Archive for November, 2009
Online marketing, just like all traditional B2B and consumer advertising, should be focused on the customer. While we’re all psyched about the ability to calculate and compare statistics down to the smallest detail, the true measure of marketing success is still in the minds of the customer.
Many online marketers have lost sight of marketing basics. With technology moving so fast, many of us have gotten caught up in the latest and greatest digital gizmo or gadget. Having the ability to track and target people more precisely or better understand their buying habits is certainly an asset to the marketing process, but it still can’t replace or even become the strategy.
I was with a client yesterday discussing the cause of their slumping conversion rates on their B2B web site. Despite having a excellent product, a terrific sales team and outstanding customer service, they didn’t understand why their inbound marketing efforts were sagging.
One look at their ads, web site, and landing pages told the entire story. Since they are a technology company, I can understand how these guys view their business through an analytical prism. The problem is that their customers don’t. Their marketing sounds like it’s talking to their management team, not to their customers. And while they’re doing a great job measuring the results, the adjustments they’re making to the creative make the numbers may move slightly, but don’t get to the root of the problem, and that shows in the bottom line. These guys have lost the forest and are stuck in the technical trees.
The focus now seems to be on who can be the first to leverage the newest mobile platform or how fast you can utilize a certain new software. Digital marketing, whether your using social media marketing, pre-roll ads or just PPC is still about the end user and what is important to them. The metrics will come. Marketing must still be about the value of the message and the content first — and less about how it’s delivered.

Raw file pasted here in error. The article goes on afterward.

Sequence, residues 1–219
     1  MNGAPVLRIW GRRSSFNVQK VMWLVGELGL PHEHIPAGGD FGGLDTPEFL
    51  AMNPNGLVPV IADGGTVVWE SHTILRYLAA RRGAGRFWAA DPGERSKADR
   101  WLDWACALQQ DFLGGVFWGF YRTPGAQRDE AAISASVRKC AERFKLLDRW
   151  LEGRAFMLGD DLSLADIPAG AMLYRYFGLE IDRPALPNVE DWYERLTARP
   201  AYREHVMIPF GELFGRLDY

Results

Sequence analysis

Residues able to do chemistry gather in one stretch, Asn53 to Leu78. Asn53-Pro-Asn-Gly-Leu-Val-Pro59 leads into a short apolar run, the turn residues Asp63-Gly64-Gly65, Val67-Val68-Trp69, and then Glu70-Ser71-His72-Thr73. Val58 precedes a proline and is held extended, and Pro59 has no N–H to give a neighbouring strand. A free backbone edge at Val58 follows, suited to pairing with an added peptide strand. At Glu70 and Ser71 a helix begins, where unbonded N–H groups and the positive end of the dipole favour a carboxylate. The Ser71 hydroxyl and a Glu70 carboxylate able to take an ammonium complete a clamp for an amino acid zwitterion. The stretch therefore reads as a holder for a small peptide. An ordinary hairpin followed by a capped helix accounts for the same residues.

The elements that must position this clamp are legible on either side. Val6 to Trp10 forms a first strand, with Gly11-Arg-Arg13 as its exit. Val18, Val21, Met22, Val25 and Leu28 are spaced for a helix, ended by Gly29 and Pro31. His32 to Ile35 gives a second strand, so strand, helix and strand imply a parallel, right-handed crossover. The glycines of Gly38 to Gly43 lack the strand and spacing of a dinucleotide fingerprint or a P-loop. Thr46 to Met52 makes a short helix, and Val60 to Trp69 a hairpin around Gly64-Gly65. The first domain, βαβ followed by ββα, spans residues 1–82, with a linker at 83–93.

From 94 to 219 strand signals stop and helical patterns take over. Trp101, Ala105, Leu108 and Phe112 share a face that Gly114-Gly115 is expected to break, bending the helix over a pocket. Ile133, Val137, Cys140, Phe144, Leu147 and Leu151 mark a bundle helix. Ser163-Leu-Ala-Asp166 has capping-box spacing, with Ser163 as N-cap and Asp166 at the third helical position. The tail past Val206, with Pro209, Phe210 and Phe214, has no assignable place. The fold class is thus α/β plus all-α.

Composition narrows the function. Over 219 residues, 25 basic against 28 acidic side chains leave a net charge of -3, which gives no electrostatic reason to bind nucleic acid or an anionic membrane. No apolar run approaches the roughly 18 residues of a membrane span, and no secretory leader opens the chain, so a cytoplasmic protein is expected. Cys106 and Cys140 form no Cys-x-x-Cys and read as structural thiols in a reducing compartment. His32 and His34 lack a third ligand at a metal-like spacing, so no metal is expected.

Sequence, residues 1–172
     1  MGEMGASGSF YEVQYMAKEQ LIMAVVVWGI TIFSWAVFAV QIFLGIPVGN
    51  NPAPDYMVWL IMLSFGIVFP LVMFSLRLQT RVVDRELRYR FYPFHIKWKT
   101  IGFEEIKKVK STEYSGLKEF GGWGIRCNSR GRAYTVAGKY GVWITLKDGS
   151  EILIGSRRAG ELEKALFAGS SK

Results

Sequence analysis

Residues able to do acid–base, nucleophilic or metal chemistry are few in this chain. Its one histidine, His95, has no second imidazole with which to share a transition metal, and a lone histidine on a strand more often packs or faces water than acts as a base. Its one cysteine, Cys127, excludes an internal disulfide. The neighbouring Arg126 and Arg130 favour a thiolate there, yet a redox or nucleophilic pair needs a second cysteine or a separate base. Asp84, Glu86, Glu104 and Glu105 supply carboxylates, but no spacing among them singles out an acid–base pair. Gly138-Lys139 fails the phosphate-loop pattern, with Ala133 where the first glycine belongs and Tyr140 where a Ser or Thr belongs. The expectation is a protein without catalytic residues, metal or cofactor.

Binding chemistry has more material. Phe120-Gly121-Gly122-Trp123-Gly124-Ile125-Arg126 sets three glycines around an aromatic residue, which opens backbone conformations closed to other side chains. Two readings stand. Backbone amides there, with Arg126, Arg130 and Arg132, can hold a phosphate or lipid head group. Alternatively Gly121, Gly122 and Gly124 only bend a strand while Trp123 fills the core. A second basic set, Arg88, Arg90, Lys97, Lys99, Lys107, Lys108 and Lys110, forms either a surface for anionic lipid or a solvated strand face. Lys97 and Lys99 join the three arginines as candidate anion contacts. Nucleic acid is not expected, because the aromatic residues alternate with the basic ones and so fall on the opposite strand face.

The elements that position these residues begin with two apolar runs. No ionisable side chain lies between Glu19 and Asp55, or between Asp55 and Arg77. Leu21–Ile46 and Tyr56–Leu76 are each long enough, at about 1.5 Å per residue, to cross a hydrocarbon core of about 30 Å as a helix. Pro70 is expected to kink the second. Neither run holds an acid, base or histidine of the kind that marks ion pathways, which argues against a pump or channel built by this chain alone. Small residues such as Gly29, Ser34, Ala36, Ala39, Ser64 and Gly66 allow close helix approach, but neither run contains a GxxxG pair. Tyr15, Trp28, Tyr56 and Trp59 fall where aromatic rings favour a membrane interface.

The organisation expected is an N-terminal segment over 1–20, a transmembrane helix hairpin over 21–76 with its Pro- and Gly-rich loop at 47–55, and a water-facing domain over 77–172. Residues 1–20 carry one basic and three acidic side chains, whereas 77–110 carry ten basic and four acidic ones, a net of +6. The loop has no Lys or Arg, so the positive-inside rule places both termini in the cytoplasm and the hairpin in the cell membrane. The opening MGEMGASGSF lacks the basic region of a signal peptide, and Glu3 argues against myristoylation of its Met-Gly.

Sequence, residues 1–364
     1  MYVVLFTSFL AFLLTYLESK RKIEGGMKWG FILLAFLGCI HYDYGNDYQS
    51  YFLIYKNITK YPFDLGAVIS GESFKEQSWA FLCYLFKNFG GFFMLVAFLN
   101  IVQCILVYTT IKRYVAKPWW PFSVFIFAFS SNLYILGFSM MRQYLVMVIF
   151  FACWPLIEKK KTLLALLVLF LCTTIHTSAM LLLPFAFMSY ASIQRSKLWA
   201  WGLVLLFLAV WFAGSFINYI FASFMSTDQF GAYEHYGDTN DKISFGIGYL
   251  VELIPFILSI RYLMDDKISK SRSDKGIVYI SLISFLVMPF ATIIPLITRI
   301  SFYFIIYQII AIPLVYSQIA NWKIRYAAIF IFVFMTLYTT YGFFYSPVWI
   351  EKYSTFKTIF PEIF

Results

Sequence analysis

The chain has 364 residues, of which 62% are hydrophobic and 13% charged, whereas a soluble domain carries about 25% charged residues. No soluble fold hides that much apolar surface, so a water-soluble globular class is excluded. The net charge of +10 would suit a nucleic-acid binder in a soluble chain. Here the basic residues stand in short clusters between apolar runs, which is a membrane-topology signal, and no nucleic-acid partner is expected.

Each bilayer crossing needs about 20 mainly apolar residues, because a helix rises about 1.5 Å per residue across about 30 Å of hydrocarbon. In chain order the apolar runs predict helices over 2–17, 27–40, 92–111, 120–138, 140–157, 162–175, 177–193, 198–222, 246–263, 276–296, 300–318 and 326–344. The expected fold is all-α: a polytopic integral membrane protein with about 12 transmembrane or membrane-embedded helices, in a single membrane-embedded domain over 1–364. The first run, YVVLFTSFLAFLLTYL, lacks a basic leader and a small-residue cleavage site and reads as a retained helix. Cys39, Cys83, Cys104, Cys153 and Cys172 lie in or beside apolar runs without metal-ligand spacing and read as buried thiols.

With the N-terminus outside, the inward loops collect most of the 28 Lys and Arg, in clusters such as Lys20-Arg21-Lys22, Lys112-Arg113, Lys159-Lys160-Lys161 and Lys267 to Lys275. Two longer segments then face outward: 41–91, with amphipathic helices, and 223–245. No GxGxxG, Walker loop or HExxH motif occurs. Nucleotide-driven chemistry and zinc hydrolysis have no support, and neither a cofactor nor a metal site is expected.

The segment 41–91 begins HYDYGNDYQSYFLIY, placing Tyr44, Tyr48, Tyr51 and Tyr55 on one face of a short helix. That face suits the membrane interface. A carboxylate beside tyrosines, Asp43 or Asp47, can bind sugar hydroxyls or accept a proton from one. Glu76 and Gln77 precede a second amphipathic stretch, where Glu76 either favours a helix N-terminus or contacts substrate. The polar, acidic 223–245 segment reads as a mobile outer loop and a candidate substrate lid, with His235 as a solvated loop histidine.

Ask yourself this: in a year from now when the technology you are using today becomes common place, will your message your sending still resonate? Channel selection is and must always be a result of where your customers are, not just what happens to be the hottest technology today.
If you ask most marketers if they do multi-channel marketing, you’ll likely find the vast majority resoundingly say YES!. But if you ask about their plans to coordinate the effort to ensure proper timing, the right amount of consistency without redundancy and an overall reliable brand message, the answer is surprising. It seems that most marketers sort of “wing-it” and don’t plan on how to use these multi-channel marketing efforts to multiply the results. They just happen to be running at the same time.
While there are several channels that historically work well together, such as email & direct mail or direct mail & print, there should be a more systematic approach to execution as well as to analyzing the results. Not surprisingly, even though these multi-channel marketing programs are often unplanned or uncoordinated, they most often yield better results than individual efforts.
With the increasing number of new marketing venues and the shift in consumer behavior from observer to participant, it’s pretty tough to always know the best or most cost effective way to reach the market.
Consumers move between markets seamlessly as they multi-task without even realizing that they are doing it. When asked “How did you hear about us?”, often customers are unsure. But if the same message is repeated across a multitude of media without any new content, consumers tire quickly and just it shut out.
Simply put, integrating timing, content, responses and metrics amplifies results.